Gabietou (cow and sheep milk cheese) came with cippolini onion, Michigan sour cherries and a truffle sauce in this composed cheese plate that I went nutty for.
Chubby got the Nisa (sheep milk cheese) with pain perdu and globe artichokes.
To cool things down, Chubby got a red curry squash sorbet with granola as a crunchy backdrop, and I got the Persian lime sorbet:
... with coconut gelee. Both were refreshing and exotic.
A couple plates of coffee and doughnuts, another FL classic, warmed us up with the hot from the fryer donuts and holes rolled in cinnamon sugar with the cooling effect of the cappuccino semifreddo and milk foam.
Delice au chocolat is another of the FL’s greatest hits with its white and dark chocolate ganache, mint parfait and mint gastrique.
The s’more of chocolate sponge, caramel ganache, peanut butter and toasted marshmallow was s’marvelous.
Next were the Tahitian vanilla crème brulee and strawberry pot du crème to insure our arteries were filled with the proper level of cream before we moved on to some niciose olive financiers and caramelized macadamias coated with chocolate.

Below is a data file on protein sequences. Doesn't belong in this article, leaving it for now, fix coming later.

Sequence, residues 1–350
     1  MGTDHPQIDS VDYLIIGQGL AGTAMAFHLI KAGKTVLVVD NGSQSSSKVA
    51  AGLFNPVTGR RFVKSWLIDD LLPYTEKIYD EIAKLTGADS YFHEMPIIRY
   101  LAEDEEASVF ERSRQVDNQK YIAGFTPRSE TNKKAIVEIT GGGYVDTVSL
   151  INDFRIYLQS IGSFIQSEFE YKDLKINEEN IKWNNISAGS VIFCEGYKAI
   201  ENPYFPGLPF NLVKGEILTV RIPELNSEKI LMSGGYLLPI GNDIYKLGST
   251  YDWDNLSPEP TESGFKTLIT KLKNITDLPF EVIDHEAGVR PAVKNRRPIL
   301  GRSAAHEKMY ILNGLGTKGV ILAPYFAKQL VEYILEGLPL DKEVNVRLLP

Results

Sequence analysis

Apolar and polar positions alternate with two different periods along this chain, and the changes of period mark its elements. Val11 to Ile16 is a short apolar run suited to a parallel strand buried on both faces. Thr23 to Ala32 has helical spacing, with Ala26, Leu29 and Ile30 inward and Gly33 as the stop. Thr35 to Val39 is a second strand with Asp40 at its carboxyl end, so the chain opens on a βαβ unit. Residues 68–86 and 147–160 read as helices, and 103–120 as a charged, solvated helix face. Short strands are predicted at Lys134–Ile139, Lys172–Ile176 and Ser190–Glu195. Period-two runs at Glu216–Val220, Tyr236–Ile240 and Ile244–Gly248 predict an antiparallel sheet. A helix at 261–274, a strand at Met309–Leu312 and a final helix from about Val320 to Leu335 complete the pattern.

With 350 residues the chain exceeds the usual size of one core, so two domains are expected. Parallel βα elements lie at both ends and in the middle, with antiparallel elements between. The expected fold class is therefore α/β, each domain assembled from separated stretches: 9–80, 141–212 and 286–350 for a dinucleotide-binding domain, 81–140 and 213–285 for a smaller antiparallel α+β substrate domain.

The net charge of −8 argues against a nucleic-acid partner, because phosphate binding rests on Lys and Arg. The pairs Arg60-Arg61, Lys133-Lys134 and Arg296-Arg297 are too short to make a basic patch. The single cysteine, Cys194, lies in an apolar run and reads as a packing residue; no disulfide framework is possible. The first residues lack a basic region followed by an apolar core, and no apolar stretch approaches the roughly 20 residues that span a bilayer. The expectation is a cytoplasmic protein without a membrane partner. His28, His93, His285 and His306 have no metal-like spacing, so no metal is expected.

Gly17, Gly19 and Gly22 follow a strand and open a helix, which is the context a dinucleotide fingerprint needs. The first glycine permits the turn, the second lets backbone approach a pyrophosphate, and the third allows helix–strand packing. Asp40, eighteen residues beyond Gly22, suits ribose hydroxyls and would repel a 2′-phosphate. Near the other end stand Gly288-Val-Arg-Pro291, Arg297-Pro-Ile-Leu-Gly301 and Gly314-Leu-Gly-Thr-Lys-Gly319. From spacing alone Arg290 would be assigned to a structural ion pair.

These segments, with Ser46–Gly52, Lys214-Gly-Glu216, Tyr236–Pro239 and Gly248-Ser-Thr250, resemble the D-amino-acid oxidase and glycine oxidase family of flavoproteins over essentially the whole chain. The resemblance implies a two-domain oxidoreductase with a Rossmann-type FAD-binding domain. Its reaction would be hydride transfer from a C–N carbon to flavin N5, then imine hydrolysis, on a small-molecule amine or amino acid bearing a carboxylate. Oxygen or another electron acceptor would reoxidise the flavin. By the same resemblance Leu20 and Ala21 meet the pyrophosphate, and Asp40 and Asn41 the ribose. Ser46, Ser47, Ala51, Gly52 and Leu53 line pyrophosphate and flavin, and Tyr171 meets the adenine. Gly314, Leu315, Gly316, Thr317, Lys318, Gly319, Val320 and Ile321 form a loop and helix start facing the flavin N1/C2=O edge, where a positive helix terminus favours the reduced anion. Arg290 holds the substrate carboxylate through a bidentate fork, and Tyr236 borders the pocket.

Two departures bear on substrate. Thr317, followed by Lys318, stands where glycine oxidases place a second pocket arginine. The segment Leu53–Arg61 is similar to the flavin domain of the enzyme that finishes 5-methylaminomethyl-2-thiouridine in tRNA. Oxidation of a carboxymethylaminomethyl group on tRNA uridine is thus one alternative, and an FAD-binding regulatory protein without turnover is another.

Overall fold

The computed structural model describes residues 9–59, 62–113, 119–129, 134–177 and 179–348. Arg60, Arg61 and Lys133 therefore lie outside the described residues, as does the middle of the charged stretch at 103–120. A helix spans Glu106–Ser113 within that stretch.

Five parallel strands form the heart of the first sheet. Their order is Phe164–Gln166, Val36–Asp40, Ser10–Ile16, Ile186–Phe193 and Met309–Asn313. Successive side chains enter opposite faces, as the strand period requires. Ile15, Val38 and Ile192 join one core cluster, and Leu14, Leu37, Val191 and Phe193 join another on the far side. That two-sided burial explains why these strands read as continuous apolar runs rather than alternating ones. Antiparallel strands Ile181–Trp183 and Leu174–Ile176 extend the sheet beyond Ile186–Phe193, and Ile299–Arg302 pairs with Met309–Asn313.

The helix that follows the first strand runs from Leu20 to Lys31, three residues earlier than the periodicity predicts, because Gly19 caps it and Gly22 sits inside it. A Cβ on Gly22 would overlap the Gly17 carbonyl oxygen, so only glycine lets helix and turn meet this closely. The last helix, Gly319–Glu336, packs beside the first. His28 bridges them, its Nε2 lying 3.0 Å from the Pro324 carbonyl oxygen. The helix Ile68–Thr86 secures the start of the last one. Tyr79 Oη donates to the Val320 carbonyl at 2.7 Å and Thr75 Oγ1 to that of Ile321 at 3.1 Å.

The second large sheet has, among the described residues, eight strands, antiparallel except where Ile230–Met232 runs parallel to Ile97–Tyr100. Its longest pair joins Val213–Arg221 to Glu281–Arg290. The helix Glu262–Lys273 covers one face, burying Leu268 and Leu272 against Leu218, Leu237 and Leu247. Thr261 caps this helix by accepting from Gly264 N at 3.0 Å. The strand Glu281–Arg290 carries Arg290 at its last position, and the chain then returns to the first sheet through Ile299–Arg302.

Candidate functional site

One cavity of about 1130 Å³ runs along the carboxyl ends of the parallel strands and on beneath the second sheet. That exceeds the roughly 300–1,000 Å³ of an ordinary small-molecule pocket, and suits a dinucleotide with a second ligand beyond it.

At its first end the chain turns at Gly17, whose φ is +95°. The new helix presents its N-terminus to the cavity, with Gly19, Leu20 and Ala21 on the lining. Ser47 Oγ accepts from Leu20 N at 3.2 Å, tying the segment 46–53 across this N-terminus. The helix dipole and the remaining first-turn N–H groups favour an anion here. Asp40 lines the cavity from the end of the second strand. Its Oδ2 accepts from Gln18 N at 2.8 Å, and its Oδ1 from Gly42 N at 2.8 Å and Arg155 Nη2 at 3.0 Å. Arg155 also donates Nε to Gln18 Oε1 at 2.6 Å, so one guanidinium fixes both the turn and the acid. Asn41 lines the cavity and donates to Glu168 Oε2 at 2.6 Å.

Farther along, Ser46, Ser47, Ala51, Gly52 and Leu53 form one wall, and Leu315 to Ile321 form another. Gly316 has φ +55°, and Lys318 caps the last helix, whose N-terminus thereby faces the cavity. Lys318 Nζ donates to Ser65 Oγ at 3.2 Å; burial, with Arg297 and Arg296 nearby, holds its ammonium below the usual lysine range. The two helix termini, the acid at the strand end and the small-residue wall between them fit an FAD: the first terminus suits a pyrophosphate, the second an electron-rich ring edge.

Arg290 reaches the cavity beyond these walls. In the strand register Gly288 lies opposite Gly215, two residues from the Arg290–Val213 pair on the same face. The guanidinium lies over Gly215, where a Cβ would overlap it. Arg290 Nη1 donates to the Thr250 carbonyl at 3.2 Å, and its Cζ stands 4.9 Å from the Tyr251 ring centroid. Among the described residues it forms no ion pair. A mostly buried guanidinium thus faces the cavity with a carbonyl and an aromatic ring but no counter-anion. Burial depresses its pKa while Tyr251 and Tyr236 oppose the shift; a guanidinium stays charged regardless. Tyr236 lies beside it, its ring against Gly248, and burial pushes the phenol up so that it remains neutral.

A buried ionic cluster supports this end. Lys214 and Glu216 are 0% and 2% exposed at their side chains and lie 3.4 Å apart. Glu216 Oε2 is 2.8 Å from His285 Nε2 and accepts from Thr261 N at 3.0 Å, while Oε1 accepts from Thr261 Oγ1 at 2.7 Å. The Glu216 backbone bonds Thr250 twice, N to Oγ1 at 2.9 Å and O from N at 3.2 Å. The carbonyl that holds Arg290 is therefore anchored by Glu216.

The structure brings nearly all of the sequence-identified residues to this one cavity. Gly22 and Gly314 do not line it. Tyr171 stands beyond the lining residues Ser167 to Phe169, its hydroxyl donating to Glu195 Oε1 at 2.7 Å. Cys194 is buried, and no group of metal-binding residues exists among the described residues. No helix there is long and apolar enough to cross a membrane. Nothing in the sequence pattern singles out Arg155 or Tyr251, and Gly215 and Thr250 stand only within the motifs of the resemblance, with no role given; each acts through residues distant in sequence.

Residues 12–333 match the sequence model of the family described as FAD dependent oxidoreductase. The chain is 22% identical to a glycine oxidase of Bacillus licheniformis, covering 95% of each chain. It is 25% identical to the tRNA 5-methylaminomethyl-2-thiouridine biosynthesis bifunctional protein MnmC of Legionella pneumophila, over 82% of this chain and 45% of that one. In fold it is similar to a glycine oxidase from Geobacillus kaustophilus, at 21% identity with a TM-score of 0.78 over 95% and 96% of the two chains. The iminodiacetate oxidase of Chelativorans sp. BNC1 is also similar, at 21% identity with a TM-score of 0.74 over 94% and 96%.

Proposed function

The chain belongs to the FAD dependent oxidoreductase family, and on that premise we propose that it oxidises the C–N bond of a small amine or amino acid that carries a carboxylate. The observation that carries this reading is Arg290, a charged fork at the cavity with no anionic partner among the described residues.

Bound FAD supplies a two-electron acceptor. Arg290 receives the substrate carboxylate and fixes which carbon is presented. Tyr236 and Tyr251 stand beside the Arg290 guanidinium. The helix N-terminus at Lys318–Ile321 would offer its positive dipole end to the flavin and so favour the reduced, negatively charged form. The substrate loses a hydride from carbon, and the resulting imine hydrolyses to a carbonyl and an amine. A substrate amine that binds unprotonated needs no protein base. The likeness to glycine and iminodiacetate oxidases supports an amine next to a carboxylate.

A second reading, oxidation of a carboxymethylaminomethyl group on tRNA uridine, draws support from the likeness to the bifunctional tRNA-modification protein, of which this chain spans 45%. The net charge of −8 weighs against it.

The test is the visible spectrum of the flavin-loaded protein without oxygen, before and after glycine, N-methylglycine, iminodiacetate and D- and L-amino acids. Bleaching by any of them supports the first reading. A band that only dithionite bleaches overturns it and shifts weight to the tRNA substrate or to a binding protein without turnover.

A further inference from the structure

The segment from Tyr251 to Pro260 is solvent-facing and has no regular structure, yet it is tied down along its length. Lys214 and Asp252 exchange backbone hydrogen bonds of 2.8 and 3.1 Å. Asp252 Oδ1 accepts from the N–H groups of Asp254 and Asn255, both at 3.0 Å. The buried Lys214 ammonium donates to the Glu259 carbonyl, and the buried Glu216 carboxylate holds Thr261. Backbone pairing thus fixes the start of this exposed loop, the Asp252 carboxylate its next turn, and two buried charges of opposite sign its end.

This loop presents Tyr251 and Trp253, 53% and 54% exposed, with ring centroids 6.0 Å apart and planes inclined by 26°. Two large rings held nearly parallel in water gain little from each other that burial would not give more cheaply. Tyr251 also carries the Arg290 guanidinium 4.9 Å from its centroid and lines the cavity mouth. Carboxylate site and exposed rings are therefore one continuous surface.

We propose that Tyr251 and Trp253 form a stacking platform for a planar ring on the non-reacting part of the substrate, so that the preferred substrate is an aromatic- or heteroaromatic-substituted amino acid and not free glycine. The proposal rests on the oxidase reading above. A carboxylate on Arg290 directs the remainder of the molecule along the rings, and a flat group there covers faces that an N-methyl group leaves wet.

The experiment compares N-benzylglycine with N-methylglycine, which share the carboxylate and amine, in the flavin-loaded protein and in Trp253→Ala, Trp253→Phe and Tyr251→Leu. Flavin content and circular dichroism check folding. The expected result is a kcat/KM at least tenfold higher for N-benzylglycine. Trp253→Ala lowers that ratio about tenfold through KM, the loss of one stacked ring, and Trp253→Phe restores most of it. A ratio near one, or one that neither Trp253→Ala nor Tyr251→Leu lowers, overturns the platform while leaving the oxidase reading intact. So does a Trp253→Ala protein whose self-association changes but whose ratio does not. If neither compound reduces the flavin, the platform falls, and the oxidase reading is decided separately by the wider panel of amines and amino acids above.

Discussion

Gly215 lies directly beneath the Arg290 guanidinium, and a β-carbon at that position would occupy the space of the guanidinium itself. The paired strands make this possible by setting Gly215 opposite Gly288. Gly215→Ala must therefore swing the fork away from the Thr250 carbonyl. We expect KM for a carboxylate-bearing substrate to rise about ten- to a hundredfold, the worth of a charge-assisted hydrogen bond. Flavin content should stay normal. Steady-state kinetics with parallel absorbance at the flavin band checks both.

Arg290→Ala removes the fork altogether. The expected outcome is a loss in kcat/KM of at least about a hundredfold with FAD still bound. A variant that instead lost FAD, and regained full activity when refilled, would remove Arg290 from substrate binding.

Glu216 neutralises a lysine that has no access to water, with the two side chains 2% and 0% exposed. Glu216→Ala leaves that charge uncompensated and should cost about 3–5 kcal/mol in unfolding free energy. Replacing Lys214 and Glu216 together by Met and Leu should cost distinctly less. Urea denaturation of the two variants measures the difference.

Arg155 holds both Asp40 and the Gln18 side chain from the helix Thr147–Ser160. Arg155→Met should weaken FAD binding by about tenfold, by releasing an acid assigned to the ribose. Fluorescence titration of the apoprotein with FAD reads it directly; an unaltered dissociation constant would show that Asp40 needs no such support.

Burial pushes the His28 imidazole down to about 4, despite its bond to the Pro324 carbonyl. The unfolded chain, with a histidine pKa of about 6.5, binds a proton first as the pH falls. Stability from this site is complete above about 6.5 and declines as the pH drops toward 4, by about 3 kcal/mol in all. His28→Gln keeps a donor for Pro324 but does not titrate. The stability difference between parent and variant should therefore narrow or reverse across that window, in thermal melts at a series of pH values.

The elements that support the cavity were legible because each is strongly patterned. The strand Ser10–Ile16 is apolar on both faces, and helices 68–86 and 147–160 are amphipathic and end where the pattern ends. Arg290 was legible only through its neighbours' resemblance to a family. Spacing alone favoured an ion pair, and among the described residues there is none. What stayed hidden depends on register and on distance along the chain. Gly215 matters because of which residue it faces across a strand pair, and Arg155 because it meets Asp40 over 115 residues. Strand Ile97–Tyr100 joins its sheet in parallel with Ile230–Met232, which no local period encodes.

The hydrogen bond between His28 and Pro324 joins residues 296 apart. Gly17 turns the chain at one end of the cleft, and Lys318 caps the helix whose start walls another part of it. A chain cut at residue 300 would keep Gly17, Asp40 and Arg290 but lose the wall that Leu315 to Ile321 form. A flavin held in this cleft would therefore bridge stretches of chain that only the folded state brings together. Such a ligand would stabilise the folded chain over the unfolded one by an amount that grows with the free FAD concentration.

As always, the food was beautiful, playful and delish and the service was efficient and personal, without a trace of stuffiness.
The inn is taking a little longer to get ironed out with all the red tape, but there will be a time that you can just collapse into a bed at their nearby facility and wake up to some Bouchon baked goods (although food is always the last thing on our minds the next morning when our butter and alcohol infused systems are trying to reset.)
The French Laundry
|Friday, October 19, 2007
In N Out